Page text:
Media Release, 16 April 2015: Crime statistics released today confirming a huge decline in non-domestic violence in the greater Sydney CBD area prove the Government’s alcohol restrictions are working and should now be rolled out in alcohol-violence hotspots around the state.
OPINION: Today we will receive the first official word on whether Sydney’s lockout laws have been a success.
The NSW Bureau of Crime Statistics and Research (BOCSAR) will release its review of the state’s liquor licensing restrictions – collectively known as the “lockout laws” – a suite of reforms introduced by the O’Farrell government in February 2014 to combat an epidemic of alcohol-fuelled violence and harm.
A recent article from The Conversation shows that the so-called ‘last drinks’ laws in Sydney’s Kings Cross have been remarkably successful in reducing both violence and property-related crime. The article’s author, Associate Professor Peter Miller demonstrates that early pub closing times work for Kings Cross/Central Sydney and they will for Queensland too.
Opinion: Queensland should embrace lockout and early closure laws to reduce alcohol-fuelled violence
IT GIVES me great encouragement to hear of the State Government’s plans to introduce 1am lockout laws and 3am last drinks across Queensland.
Because as the Director of Trauma at St Vincent’s Hospital in Sydney – which has as its catchment zone the CBD, Kings Cross and Oxford St, an area with the greatest concentration of licensed premises in Australia – I know first-hand how such laws save lives.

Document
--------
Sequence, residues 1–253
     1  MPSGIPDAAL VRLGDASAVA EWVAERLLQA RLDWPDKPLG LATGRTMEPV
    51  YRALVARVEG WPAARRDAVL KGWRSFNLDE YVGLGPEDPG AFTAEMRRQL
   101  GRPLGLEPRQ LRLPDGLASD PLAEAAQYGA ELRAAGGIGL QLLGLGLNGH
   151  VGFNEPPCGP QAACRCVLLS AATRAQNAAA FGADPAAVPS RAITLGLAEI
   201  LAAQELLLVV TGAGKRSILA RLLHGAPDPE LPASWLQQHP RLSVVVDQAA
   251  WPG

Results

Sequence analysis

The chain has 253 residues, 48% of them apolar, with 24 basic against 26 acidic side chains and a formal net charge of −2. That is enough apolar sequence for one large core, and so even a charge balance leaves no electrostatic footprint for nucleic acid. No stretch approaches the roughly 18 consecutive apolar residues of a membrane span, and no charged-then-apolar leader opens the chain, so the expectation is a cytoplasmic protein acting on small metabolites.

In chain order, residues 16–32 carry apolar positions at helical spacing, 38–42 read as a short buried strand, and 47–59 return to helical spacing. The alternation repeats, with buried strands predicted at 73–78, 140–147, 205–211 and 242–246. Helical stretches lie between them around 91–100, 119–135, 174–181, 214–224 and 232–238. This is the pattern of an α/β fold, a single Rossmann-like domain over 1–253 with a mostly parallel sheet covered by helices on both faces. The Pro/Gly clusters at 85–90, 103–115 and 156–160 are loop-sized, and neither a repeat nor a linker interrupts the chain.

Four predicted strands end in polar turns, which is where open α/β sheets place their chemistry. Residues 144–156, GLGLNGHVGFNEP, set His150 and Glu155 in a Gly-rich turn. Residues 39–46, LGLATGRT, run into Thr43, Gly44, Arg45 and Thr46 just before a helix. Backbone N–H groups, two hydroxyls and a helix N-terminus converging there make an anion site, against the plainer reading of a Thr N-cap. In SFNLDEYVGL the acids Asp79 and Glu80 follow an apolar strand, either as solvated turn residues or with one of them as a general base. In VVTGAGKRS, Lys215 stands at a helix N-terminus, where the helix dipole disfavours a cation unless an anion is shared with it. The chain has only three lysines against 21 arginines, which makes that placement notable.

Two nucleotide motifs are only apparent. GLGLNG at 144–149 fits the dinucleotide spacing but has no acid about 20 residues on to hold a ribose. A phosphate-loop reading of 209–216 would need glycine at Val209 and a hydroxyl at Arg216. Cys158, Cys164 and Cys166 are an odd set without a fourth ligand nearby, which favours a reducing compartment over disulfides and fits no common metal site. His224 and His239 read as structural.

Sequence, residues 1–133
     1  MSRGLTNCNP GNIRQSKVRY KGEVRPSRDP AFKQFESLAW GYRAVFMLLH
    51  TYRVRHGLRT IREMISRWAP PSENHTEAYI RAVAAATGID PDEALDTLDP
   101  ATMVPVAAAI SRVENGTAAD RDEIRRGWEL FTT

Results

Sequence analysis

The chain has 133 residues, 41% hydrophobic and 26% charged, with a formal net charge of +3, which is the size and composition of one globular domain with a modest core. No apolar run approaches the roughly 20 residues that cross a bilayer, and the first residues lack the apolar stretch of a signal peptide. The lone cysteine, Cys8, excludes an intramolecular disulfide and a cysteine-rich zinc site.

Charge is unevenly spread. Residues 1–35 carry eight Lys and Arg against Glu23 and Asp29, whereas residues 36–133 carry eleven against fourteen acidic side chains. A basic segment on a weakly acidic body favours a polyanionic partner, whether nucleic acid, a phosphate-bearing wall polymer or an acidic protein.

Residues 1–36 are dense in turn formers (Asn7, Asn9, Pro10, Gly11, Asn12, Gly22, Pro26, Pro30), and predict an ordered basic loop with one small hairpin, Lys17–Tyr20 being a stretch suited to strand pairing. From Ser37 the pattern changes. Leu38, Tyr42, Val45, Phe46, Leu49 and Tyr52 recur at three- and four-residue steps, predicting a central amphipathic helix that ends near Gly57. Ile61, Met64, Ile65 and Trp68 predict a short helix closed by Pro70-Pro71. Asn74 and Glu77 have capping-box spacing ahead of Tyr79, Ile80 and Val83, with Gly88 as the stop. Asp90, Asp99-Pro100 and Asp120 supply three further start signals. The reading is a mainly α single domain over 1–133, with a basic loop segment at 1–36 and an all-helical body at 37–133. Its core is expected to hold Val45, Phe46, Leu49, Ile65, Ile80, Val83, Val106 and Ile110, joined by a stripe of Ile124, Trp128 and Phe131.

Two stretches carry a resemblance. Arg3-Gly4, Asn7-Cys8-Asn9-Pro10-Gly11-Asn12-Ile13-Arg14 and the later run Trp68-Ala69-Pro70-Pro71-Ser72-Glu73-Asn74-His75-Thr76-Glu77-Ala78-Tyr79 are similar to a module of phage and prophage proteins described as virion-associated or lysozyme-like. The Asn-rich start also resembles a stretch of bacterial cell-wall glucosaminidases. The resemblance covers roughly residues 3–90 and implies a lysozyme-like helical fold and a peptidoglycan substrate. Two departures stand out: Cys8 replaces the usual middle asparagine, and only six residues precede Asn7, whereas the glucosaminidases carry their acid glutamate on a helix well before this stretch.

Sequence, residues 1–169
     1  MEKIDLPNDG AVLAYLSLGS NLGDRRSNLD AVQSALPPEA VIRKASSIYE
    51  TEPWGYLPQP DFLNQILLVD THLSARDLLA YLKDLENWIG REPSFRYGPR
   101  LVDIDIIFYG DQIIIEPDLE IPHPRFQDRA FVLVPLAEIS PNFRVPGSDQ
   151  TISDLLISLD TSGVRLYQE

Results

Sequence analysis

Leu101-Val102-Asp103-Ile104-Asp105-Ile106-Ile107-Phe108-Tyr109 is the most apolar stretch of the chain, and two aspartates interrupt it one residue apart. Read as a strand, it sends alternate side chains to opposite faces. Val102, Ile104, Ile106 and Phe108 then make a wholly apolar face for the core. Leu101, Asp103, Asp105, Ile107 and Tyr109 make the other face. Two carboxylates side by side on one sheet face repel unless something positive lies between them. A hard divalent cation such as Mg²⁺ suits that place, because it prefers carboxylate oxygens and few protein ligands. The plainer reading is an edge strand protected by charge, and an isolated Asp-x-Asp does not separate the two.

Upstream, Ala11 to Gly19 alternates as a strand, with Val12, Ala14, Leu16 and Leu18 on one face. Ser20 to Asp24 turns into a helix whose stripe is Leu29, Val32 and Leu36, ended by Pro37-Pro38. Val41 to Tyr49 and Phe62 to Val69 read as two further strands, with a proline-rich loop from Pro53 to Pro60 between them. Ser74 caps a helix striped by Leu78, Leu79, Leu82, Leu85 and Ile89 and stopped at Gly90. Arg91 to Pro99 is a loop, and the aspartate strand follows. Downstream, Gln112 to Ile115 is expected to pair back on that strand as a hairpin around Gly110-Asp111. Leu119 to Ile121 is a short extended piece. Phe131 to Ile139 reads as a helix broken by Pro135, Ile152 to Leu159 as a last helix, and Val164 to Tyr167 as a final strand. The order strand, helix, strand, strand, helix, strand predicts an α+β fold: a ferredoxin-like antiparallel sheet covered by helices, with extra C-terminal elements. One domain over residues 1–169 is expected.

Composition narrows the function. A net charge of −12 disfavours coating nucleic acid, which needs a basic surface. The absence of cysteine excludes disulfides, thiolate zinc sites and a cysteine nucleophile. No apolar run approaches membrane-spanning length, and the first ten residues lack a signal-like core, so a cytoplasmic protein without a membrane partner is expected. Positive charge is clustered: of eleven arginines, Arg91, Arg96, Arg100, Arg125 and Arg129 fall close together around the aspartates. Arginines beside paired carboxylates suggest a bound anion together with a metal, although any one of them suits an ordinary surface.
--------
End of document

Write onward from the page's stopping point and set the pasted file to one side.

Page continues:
A huge decrease in assaults shows the success of the alcohol restrictions are having in the greater Sydney CBD, and highlight the need for the measures to be rolled out elsewhere in the state.
At a NSW/ACT Alcohol Policy Alliance event last week, the NSW ALP committed $1.2 million of funding over four years for a dedicated FASD Clinic at the Children’s Hospital at Westmead.
ICE addiction will send the state crime rate soaring, increasing offences such as break-and-enter and mail theft to fund users’ habits, the NSW Police Association said.
Two thirds of New South Wales (NSW) residents support the measures introduced last summer to curb alcohol-fuelled violence and, just weeks out from the 2015 State Election, voters are now calling on party leaders to outline their plans to address alcohol harms.
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Alcohol’s devastating impact on children and families has been revealed in a new report titled The Hidden Harm.
A report looking at the night time economy in various local government areas has shown that the Newcastle’s night time economy – with the introduction of key alcohol-related violence measures – has continued to grow over the past years.